To accommodate growth over the coming decades, Sound Transit is building a light rail line through Bellevue and Puget Sound Energy is upgrading or adding electrical transmission lines. These projects will all result in some loss of tree canopy. The city is requiring mitigation to restore that tree canopy.
East Link Light Rail
To mitigate for the loss of vegetation in Mercer Slough Nature Park where the light rail guideway is being built, Sound Transit has agreed to extensive replanting. The city has worked collaboratively with Sound Transit to minimize to the greatest extent possible impacts to critical areas and their buffers as well as provide visual relief from the light rail facility. Details
Puget Sound Energy is applying for permits for this project, which includes the construction of a new substation at Richards Creek and an upgrade of approximately 18 miles of transmission line from Redmond to Renton, through Bellevue. PSE is applying for construction permits. Tree removal and mitigation will be determined as part of the permit review. Details at PSE Energize Eastside.
Lake Hills-Phantom Lake Transmission Line
PSE plans to build a new electrical transmission line between the Lake Hills and Phantom Lake substations. According to PSE, the project will increase overall system reliability and allow for better use of existing facilities for customers in the Lake Hills neighborhood.
The project involves the estimated removal of 295 trees on city-owned property. PSE will plant new trees and install landscaping to restore the impacted areas along the route and mitigate for any impacts to critical areas and/or critical area buffers. The exact number of trees to be replaced is to be determined through clearing and grading and right of way use permits issued by the city.
Per conditional use permit requirements, PSE will contribute $856,740 to the city to compensate for the value of the city-owned trees to be removed. This money will be placed in a fund to help pay for landscape restoration and mitigation materials, including plants and irrigation, required for the project.
Additional Project Information
We Love Our Trees Yard Signs
Share Your Commitment to Bellevue's Trees
Show your support for Bellevue's urban forest with a free We Love Our Trees yard sign. Take the lead on conservation in your neighborhood.
Request a Sign
These signs are available for pickup at City Hall by emailing firstname.lastname@example.org with the subject line "yard sign pickup."
Benefits of Trees
Benefits of Trees
Trees provide a multitude of environmental benefits, but are also help to enhance our health, economy, and livability of our cities. The trees in Bellevue provide the following benefits:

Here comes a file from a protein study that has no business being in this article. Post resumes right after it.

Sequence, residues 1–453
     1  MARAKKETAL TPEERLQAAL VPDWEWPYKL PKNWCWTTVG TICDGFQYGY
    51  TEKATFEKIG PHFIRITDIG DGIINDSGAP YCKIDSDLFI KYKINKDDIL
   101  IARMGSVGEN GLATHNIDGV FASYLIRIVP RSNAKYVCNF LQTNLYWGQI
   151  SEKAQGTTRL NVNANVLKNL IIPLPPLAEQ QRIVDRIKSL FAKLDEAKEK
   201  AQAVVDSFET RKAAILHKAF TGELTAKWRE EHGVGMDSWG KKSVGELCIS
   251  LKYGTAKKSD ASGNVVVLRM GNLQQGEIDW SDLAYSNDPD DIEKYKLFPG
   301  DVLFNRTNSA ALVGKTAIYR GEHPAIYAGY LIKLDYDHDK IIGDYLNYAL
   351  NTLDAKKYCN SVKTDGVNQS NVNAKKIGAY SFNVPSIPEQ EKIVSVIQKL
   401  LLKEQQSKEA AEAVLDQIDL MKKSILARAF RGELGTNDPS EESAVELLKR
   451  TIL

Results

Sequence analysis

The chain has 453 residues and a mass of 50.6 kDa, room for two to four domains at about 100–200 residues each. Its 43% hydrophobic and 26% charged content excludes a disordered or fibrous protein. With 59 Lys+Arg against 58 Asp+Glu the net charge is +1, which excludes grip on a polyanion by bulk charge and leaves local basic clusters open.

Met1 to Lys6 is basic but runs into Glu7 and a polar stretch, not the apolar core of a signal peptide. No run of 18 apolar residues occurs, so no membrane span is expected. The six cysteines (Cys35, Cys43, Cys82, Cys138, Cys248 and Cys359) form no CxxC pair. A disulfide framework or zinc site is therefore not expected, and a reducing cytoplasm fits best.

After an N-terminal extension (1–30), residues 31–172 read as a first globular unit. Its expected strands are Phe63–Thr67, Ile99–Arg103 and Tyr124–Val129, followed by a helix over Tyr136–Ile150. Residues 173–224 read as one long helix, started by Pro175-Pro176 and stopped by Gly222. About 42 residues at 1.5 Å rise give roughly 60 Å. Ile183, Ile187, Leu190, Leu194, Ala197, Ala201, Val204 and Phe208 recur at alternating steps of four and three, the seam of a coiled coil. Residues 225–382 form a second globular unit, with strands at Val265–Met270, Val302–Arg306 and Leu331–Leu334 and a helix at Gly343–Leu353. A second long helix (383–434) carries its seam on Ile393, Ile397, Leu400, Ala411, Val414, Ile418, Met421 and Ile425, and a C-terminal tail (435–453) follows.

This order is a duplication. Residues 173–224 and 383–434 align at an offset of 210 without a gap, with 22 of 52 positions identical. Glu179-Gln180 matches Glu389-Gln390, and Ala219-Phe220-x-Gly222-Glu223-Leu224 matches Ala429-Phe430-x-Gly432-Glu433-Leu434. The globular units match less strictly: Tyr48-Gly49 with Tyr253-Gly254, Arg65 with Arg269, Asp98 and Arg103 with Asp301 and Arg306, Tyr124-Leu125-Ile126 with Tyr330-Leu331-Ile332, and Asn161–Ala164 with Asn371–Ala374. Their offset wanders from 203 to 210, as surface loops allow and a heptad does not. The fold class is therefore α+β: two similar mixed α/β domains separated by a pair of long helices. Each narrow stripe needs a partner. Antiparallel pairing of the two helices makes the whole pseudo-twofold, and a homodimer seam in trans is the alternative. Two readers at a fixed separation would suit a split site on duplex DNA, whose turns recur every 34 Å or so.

- Improve air quality
- Preventing erosion and reducing the risk of landslides.
- Absorb CO2 emissions to help combat climate change
- Break down pollutants
- Absorb stormater to help ensure clean water in our streams and lakes
- Reduce flood risk
- Increase property values
- Support public health and wellbeing
- Enhance neighborhood character
Have you always wondered what a certain tree was? Maybe you saw it along the sidewalk downtown, with fan-shaped leaves that turn a brilliant yellow in October. Or maybe it was along a trail, with deep green boughs and soft red bark.
Now you can find out using our Bellevue Tree Guide! Every trip to a park is better when you know what you're looking at.
Suggest Planting Locations and Heritage Trees
In Bellevue, trees are an important part of what makes our us a “city in a park.” To keep enjoying the benefits of trees and keep our city green as we grow, we encourage preserving mature trees and planting more new trees. To help us in that mission, we need more information about where trees should be planted in our community and where our most historic trees are located.
We know that Bellevue's community members are experts in their own neighborhoods, so the city is collecting your input on:
- Planting locations: locations on public property (like parks, along streets, schools, or city property) that would benefit from more trees. Maybe you know somewhere that has lost trees or a place you've always wanted to see trees?
- Heritage Trees: trees that are exceptional because of their age, rarity, size, community history, or story. Our voluntary new program recognizes the exceptional trees around us and promotes the value they bring to the community. Suggest your favorite large, beautiful, and storied trees.
Share your input and learn more at https://www.engagingbellevue.com/we-love-our-trees